Another mistake is to see the Trinity in mathematical terms, arguing through rationalistic reasoning., “How can one plus one plus one equal three? That’s absurd!” Inevitably, such arguments are accompanied by a misrepresentation of the doctrine, such as “How can there be three persons in one person?” But it’s not a case of finding a more satisfactory mathematical model, such as 1 x 1 x 1 = 1, because the Trinity is not about mathematics. Here’s what Roger Nicole had to say:
It is important to recognise that the doctrine of the Trinity is a mystery. It is not, however, an absurdity, as some people have viewed it. Specifically, it is not asserted that God is one in the same respect in which he is three. What is propounded is that there is unity of essence, that this one essence is shared alike by each of the three persons, and that the three are conjoined in a total harmony of will and being, which far surpasses the unity observed between distinct individuals in humanity.” 
Above “The Line” that separates Creator from creation, Deity from everything else, we have Father, Son and Holy Spirit, one God in perfect unity, completely separate from everything that is not Deity. The sense in which the Godhead is one is the essence or “substance” of divinity, what it means to be God, immortal, omniscient, incorruptible, the God who is love. Richard Bauckham calls it the “unique divine identity.” The early church used the term ousia, meaning essence or substance, something which exists. God has one ousia or substance and this is the sense in which he is God and no one and nothing else shares the divine ousia. This divine ousia exists in three distinctives which the early church called hypostaseis (Greek) or personae (Latin) translated “Persons.” Words change their meaning over time, and the word “person” probably carries too much of an individualistic sense in modern English and perhaps if we were writing the creeds today we would choose a different word to express the distinctiveness of Father Son and Spirit, even as they share the divine ousia in perfect unity. Each hypostasis or Person is the ousia of God distinguished by his own properties, roles and characteristics as revealed with the coming of the Word. The Father sent the Son (John 12:49; Gal 4:4), who humbled himself taking the form of a servant (Phil 2:6–9) and was submissive to the Father in order to accomplish his life of perfect obedience to death. Now the Son has returned to the Father, the Father and Son have sent the Holy Spirit (John 14:26; 15:26). John Calvin expressed it this way:
It is not fitting to suppress the distinction that we observe to be expressed in Scripture. It is this: to the Father is attributed the beginning of activity, and the fountain and wellspring of all things; to the Son, wisdom, counsel and the ordered disposition of all things; but to the Spirit is assigned the power and efficacy of that activity.”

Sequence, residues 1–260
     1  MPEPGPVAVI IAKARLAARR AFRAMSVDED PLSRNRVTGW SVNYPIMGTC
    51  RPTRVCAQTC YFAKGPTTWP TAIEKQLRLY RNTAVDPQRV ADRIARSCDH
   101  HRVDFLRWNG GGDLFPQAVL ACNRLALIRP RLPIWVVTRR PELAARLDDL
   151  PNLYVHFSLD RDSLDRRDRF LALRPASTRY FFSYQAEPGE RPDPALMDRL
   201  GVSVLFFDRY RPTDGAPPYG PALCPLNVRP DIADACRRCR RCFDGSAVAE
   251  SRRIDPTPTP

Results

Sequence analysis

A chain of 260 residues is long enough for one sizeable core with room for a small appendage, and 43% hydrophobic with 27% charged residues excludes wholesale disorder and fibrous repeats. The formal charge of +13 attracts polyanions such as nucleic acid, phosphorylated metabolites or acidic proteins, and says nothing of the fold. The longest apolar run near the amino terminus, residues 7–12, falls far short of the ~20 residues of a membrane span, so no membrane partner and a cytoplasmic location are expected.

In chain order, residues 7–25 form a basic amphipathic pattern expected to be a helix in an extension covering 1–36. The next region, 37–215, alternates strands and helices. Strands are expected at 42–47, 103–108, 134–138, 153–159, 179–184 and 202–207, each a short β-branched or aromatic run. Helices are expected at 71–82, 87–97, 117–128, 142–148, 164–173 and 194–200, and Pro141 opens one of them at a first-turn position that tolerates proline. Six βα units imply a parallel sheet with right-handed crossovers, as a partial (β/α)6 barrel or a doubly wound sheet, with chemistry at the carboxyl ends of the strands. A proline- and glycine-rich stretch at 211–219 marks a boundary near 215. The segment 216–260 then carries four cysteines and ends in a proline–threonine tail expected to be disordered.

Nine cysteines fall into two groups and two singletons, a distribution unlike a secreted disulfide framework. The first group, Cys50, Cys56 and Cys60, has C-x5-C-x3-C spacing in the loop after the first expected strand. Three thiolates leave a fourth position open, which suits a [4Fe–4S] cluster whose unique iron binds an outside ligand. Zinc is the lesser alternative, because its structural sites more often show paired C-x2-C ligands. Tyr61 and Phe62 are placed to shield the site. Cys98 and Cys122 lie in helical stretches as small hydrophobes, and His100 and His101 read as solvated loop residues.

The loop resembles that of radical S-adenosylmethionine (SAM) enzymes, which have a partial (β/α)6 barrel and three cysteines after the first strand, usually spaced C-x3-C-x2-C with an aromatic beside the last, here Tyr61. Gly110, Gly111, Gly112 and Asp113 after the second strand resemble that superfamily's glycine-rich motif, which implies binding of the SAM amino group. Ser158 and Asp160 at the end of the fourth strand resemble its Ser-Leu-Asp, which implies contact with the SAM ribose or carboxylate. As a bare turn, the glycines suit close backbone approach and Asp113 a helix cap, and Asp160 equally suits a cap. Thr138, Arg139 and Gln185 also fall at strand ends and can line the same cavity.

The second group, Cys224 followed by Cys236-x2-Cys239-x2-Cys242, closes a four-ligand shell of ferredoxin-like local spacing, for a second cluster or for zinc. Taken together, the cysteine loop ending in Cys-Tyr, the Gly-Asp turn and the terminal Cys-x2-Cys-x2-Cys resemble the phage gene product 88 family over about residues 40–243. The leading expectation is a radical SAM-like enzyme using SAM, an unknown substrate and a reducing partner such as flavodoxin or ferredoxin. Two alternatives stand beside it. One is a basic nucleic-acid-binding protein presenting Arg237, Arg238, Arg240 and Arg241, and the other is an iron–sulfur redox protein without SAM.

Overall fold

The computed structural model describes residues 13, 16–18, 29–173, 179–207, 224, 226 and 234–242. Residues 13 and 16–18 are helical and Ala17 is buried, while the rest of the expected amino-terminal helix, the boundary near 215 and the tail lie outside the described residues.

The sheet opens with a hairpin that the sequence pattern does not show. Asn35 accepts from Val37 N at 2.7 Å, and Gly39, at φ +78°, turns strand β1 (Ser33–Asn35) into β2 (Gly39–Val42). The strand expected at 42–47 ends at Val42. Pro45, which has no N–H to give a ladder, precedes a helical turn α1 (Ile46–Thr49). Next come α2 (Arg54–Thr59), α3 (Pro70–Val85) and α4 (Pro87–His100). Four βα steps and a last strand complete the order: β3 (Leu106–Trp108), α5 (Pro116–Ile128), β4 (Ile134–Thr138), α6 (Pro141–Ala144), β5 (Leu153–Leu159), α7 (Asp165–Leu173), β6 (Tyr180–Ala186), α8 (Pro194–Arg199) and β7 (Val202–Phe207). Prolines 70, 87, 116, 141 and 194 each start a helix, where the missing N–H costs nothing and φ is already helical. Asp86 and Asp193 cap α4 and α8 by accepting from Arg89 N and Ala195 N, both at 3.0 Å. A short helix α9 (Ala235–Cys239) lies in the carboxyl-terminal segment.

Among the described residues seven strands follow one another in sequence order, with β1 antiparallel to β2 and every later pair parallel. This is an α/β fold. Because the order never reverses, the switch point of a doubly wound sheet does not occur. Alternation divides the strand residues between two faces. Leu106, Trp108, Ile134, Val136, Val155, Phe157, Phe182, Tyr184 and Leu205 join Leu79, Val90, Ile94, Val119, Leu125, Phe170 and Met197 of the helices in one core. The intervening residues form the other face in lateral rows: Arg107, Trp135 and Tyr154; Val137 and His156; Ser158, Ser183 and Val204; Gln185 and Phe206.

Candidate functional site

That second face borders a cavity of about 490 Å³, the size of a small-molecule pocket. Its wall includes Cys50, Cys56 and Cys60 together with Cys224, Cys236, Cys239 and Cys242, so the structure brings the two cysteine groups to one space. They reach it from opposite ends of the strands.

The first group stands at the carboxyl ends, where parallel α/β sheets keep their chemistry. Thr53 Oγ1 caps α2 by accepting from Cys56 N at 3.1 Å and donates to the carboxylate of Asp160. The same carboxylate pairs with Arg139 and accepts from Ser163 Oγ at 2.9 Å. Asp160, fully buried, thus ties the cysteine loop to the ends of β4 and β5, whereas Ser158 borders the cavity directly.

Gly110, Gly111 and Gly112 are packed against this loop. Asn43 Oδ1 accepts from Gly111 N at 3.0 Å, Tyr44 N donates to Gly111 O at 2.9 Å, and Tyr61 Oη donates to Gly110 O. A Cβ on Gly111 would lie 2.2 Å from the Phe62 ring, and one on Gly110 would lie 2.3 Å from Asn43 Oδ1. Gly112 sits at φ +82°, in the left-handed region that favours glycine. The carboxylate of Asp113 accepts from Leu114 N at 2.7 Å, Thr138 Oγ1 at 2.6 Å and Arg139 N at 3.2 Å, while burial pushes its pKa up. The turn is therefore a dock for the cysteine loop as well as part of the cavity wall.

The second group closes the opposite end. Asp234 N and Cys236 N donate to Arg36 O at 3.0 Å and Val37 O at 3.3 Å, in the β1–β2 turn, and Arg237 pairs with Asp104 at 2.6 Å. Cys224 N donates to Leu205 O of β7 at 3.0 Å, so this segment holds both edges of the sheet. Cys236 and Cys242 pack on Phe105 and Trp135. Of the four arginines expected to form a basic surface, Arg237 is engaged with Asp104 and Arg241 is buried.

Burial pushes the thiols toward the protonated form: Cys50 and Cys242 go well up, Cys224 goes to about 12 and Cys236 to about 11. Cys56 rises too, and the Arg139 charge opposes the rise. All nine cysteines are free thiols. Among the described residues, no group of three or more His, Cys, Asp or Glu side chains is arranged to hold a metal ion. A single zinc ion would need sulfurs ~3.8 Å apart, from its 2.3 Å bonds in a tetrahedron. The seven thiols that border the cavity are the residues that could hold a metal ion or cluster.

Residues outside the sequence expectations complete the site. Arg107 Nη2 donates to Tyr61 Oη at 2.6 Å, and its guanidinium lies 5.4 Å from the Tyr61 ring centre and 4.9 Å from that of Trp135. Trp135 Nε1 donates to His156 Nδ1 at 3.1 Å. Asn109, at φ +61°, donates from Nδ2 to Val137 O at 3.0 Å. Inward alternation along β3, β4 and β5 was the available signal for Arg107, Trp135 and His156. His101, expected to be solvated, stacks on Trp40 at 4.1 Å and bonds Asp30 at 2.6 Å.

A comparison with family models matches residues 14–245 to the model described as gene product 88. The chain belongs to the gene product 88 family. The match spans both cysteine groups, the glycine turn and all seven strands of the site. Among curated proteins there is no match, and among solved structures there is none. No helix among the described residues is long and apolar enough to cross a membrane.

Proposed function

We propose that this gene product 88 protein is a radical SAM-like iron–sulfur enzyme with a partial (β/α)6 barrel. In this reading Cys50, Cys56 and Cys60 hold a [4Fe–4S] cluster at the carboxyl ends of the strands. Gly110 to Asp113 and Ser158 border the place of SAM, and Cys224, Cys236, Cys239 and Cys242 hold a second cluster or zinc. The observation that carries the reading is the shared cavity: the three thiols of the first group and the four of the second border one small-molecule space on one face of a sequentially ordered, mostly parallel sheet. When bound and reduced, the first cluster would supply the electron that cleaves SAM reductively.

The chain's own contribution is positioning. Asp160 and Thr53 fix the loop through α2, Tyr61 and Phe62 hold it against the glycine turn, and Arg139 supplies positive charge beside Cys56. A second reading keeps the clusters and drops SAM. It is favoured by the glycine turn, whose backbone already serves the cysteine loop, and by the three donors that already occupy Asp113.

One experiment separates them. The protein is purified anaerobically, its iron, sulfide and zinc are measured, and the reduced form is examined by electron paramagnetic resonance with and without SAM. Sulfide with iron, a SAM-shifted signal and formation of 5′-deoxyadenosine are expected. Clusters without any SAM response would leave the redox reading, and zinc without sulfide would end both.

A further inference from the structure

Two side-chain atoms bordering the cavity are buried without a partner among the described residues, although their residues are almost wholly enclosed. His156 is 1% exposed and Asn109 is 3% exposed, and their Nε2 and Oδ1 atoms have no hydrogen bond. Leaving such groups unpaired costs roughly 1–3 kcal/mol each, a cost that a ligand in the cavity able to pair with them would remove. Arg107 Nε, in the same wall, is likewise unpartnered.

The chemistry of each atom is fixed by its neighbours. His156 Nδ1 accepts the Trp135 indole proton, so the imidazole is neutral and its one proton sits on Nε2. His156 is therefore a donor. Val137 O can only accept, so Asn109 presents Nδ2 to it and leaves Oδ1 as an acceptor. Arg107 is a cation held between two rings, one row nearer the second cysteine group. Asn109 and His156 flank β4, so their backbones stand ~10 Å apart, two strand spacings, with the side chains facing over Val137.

These divine relationships are eternal. The Son did not peel away from the Godhead and exist for the first time at the incarnation, nor did the Spirit suddenly become personal when sent as the Other Comforter. The man Jesus Christ began to exist for the first time at his conception (Matt 1:20; Luke 1:35), the point of the in-fleshing (incarnation) of the Word (John 1:1, 2, 14) but the Son had been in eternal relationship with the Father and the Spirit (John 16:28; 17:5,24). God has existed eternally in this relationship of love and also interacts with his creation as Father, Son and Holy Spirit, each distinctive and yet perfectly united. The way we experience God through creation and salvation is consistent with Who he is eternally (Matt 28:19; 2 Cor 13:14). But ultimately, it is not these distinctive acts such as sending, dying on the cross, indwelling and sanctifying that distinguish the three, but their eternal relationships. All their unified acts are the work of the unified Godhead (1 Cor 12:4–6; Eph 4:4–6). The God who is known to us through his revelation in Creation, his written Word, his Son and his indwelling Spirit corresponds to the way God actually is in his essential nature. To experience God’s salvation, to be in relationship with him, is to experience God’s life. “And this is eternal life,” said Jesus, “that they know you the only true God, and Jesus Christ whom you have sent” (John 17:3).
The Trinity is in one sense a difficult concept, for like much to do with God we don’t see him displayed this way physically before us. Ultimately we need to humbly acknowledge that God is beyond our comprehension, but he has graciously revealed himself to the appropriate extent. In the future, we will be blessed to see him and know him more intimately in all his glory. We cannot yet understand how God has existed for all eternity, without beginning or end or how he foreknows us, how he brought the universe into being or how he listens to millions of prayers at once. Yet we believe all these things because he has told us in his Word, revealed himself in the person of his Son and has sent his Spirit into our hearts and one day our faith will turn to sight (Matt 5:8; 1 Cor 13:12; 1 John 3:2). In another sense, the Trinity is not such a hard concept because the fundamental principles are taught so clearly; there is only one Being who is the Creator God and his divine essence and identity is expressed distinctively as Father, Son and Holy Spirit, in perfect unity. Let us praise, worship and glorify our God; and may “the grace of the Lord Jesus Christ and the love of God and the fellowship of the Holy Spirit be with you all.”
- Roger Nicole “The Meaning of the Trinity.” In One God in Trinity, ed. Peter Toon (Westchester Ill: Cornerstone, 1980) 4.
- Richard Bauckham. Jesus and the God of Israel (Grand Rapids: Eerdmans, 2008)
- John Calvin, Institutes of the Christian Religion 2 vols. Trans Ford Lewis Battles. (London: Westminster John Knox, 2006) Book I 13:18